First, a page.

Richard A. Viguerie, a veteran conservative direct mail consultant, said that Mr. Bush "turned the volume up on his megaphone about as high as it could go to try to tie the war in Iraq to the war on terrorism" last year and argued that the White House could no longer do that.

"I just don't think it washes after all these years," Mr. Viguerie said.

The other changing factor is the continued drop in Mr. Bush's job approval rating that could make him less welcome on the campaign trail.

"If this continues to drag down Bush's approval ratings, Republican candidates will be running with Bush as baggage, not as an asset," Andrew Kohut, president of the Pew Research Center, said. "Should his numbers go much lower, he is going to be a problem for Republican candidates in 2006."

The near success in Ohio by Democrats was achieved after the party had enlisted an Iraq veteran, Paul L. Hackett, who nearly defeated Jean Schmidt.

The chairman of the Democratic Congressional campaign committee, Representative Rahm Emanuel of Illinois, said he was talking to four or five other Iraq veterans to run in open seats or against weak Republican incumbents.

The chairman of the Senate Democratic campaign committee, Charles E. Schumer of New York, said, "There is no question that the Iraq war, without any light at the end of the tunnel apparent to the American people, is becoming more and more a ball and chain rapidly weighing down the administration."

Mr. Schumer, reflecting continued Democratic nervousness at being portrayed as being disrespectful of troops, added, "I have been more supportive of the president's war on terror than many Democrats."

This week in Rhode Island, Secretary of State Matthew A. Brown, a Democratic challenger to Senator Lincoln Chafee next year, called on Mr. Bush to set a six-month deadline to bring American troops home from Iraq.

"You owe it to the American people to get this job done and bring our men and women home to their families," Mr. Brown said on Wednesday.

Mr. Chafee's spokesman, Stephen Hourahan, responded by noting that Mr. Chafee had voted against the war, though he said he did not know whether Mr. Chafee would support the type of deadline urged by Mr. Brown.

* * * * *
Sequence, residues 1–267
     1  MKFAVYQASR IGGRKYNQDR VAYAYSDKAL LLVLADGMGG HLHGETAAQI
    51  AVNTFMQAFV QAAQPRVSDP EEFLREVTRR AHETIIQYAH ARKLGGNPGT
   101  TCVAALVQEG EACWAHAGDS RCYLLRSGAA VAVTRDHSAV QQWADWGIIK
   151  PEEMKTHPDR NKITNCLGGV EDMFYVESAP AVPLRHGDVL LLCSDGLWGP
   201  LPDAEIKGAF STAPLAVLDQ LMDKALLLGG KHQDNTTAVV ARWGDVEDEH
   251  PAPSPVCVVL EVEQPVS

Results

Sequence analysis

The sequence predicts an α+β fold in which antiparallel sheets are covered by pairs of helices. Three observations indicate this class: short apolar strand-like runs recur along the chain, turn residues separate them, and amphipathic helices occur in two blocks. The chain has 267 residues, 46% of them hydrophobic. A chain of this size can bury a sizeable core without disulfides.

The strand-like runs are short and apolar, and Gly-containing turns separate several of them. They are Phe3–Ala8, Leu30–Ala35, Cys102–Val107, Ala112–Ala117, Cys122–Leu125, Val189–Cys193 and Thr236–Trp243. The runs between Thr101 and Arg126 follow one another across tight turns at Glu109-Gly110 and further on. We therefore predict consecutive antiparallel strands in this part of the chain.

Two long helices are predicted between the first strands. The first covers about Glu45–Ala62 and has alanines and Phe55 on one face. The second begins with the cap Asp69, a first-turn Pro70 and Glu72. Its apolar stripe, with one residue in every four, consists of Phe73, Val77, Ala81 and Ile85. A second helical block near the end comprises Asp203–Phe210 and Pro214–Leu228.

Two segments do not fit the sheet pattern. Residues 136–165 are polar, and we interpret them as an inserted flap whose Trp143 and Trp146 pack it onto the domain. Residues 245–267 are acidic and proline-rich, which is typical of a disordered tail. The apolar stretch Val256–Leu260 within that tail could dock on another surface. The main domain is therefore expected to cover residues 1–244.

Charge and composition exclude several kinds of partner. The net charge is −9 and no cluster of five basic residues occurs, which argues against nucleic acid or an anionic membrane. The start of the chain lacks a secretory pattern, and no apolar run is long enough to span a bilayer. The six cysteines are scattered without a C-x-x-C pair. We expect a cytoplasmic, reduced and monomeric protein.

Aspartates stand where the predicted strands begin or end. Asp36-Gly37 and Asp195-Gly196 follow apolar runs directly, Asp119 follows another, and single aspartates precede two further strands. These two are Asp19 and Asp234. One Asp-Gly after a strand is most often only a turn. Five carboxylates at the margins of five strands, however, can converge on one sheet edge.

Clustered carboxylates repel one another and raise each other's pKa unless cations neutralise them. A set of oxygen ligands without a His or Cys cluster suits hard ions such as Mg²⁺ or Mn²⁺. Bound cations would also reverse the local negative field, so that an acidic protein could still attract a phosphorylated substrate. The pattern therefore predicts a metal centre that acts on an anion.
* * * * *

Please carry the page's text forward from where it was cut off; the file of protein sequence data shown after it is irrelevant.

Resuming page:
In Pennsylvania, Mr. Casey, the prospective challenger to Mr. Santorum, said he would press the incumbent on why he had not taken a lead in raising questions about the war.

"Most people want to know what is the situation with training the Iraqi forces?" Mr. Casey said. "Where are we? Where are we with getting armor to our troops?"

Mr. Santorum's spokesman, Robert Traynham, said Mr. Santorum would not be hurt by supporting the war.

Mr. Traynham read a statement from Mr. Santorum that said, "Doing what is best for this country is always good politics in terms of protecting us from evil dictators such as Saddam Hussein."

Even apart from these problems, the party of the president in power traditionally loses seats in the midterm election of a second term.

"It's tough," Mr. Murphy, the consultant, said. "The press will try to make Iraq the cause of whatever historical problems we would normally have in an off-year election."

Representative Walter B. Jones, a North Carolina Republican who initially supported the war but has begun calling for a pullout, said, "If your poll numbers are dropping over an issue, and this issue being the war, than obviously there is a message there - no question about it."

"If we are having this conversation a year from now," Mr. Jones added, "the chances are extremely good that this will be unfavorable" for the Republicans.

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PostSat Aug 20, 2005 6:54 pm  Reply with quote  

Now it's political

"The United States will not relent in the war in Iraq and will hunt down insurgents one at a time if necessary."
- Vice President Cheney, addressing combat veterans at the 73rd national convention of the Military Order of the Purple Heart held in Springfield, Missouri

WASHINGTON - Has the US public lost so much confidence in the George W Bush administration's handling of the Iraq war that its current strategy - to the extent one actually exists - is unsustainable?

With Bush himself besieged by anti-war protesters on his seemingly endless and ill-timed vacation at his Texas ranch, that appears to be the big question, just two weeks before the resumption of official business back in Washington.

Both Republican lawmakers, who face mid-term elections in 15 months, and the military itself, which, as a result of the Vietnam debacle, has taken as an article of faith that the loss of civilian support must be avoided at all costs, appear increasingly restive and unhappy with the course of events.

"There are more and more voices within the party and military who are beginning to acknowledge that the situation in Iraq is not only not improving, but is actually getting worse," said Jim Cason of the Friends Committee on National Legislation, a lobby group that opposed the war.

"The administration is under more and more pressure from within - especially from the Pentagon and influential Republicans on Capitol Hill - and it clearly hasn't figured out what to do about it."

Media coverage of the war has turned particularly gloomy over the past several weeks, and particularly since the August 3 killing of 14 US servicemen in one deadly bombing incident.